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New Delhi, Nov 27 – Amid a surge in respiratory illness in North China, the Union Health Ministry on Sunday decided to review the state of preparedness against respiratory illnesses to deal with any eventuality.
The Health Ministry in a statement said the government is closely monitoring the situation, and indicated that there is no need for any alarm.
“This is noted to be important in view of the ongoing influenza and winter season that results in an increase in respiratory illness cases,” it said.
The Centre also wrote to the states and UTs, and they have been advised to immediately review public health and hospital preparedness measures.
The directive emphasised the need to ensure the availability of HR, hospital beds, drugs and vaccines for influenza, medical oxygen, antibiotics, personal protective equipment, testing kits and reagents, and functionality of oxygen plants and ventilators.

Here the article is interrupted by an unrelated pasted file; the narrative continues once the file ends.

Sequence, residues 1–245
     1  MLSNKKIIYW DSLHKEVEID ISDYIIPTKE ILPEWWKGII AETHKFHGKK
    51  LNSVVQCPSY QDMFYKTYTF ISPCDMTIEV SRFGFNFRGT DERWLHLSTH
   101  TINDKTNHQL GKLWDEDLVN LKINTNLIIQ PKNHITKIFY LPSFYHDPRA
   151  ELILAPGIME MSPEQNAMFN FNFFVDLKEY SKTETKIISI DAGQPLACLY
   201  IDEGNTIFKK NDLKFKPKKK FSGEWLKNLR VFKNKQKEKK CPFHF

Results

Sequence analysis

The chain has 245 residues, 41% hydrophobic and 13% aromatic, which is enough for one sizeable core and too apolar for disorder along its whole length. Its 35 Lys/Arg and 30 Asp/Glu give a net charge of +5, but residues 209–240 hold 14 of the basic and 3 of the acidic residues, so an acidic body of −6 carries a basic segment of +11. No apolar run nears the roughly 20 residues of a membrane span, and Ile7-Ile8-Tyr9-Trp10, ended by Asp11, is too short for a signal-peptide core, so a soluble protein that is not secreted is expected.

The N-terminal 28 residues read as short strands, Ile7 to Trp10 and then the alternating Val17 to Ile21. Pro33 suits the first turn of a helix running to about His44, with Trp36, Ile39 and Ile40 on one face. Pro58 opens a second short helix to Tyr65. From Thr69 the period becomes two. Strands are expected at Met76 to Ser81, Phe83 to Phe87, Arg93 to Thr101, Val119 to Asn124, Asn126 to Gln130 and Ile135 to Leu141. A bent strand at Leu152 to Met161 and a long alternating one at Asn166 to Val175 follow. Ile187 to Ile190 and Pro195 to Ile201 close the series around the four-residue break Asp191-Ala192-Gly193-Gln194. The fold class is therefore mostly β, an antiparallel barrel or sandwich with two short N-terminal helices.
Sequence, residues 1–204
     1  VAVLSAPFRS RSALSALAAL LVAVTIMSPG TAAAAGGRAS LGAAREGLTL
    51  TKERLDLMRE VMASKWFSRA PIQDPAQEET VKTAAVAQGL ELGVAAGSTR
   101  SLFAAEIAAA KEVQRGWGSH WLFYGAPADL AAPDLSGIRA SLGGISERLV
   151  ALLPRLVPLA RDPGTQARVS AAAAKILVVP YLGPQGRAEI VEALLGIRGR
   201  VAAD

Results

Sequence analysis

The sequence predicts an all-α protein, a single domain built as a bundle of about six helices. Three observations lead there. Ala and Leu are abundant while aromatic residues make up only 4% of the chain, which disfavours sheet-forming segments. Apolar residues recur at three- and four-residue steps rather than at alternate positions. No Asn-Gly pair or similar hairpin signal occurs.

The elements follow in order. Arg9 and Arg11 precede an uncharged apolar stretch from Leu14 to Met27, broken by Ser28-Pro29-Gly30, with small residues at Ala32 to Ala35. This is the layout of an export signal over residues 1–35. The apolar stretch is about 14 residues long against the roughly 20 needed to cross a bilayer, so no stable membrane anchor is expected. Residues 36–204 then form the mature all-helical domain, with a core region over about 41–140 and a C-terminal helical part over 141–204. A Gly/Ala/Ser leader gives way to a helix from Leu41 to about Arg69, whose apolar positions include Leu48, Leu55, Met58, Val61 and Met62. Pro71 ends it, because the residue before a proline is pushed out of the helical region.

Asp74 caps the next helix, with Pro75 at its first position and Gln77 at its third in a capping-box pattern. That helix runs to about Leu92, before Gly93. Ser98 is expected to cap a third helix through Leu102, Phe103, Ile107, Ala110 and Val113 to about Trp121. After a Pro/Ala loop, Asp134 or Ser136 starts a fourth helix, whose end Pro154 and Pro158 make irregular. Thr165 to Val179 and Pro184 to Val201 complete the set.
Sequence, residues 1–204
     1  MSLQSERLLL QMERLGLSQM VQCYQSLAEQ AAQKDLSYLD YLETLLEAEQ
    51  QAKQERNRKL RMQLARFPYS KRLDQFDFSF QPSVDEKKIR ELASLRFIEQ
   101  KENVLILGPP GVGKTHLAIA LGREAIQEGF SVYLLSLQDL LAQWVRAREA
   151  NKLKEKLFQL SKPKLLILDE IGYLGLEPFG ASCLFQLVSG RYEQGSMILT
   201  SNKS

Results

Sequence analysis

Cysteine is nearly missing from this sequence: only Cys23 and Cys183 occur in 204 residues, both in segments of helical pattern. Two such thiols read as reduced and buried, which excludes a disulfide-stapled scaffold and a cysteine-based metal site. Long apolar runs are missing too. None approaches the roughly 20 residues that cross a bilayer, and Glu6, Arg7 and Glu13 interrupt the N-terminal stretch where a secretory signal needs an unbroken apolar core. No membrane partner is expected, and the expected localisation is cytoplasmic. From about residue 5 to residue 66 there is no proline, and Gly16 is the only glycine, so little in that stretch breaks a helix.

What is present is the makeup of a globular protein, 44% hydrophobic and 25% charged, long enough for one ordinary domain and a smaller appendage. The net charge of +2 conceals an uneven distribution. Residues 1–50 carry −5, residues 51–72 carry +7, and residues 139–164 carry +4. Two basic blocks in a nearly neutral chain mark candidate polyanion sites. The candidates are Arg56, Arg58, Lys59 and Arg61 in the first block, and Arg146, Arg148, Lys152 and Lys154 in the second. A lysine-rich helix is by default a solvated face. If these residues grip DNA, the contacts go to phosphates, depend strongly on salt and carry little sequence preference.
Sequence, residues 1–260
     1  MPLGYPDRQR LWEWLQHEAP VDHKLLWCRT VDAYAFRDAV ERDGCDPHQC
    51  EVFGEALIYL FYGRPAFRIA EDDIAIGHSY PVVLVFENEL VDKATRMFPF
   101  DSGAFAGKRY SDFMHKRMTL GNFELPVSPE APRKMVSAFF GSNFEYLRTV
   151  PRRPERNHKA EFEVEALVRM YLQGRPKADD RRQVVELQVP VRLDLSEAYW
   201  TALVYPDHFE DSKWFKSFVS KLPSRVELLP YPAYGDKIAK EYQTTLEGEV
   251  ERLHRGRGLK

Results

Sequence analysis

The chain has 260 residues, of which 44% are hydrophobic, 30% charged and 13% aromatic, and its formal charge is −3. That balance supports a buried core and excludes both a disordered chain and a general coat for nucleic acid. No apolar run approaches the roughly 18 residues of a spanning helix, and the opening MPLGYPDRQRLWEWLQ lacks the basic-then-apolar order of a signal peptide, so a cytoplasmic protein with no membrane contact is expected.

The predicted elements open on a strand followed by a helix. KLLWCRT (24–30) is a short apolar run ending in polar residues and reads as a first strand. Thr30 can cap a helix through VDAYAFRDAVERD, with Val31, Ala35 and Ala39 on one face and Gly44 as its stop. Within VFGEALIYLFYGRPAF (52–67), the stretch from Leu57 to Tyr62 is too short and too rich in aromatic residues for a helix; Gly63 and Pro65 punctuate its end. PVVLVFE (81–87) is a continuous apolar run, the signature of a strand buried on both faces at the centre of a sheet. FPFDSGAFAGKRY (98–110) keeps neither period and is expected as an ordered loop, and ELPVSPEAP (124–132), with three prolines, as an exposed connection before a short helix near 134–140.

All states and Union Territories have also been advised to implement ‘Operational Guidelines for Revised Surveillance Strategy in the context of COVID-19’, shared earlier this year, which provides for integrated surveillance of respiratory pathogens, including influenza-like illness (ILI) and severe acute respiratory illness (SARI).
The Union Health Ministry also asked states to send nasal and throat swab samples of patients with SARI, particularly of children and adolescents, to Virus Research and Diagnostic Laboratories (VRDLs) located in the states for testing of respiratory pathogens.
“The cumulative effect of the implementation of these precautionary and proactive collaborative measures is expected to counter any potential situation and ensure the safety and well-being of the citizens,” it said.
Recently, information shared by WHO has indicated an increase in respiratory illness in northern parts of China.
This is predominantly attributed to usual causes like Influenza, Mycoplasma pneumonia, SARS-CoV-2.
As per WHO, the release of Covid-19 restrictions coinciding with the onset of the winter season in addition to the cyclical trend of respiratory illnesses such as Mycoplasma pneumonia have led to this surge.
Meanwhile, the WHO has sought additional information from Chinese authorities, about the situation and it assessed that there is no cause for any “alarm” at the moment.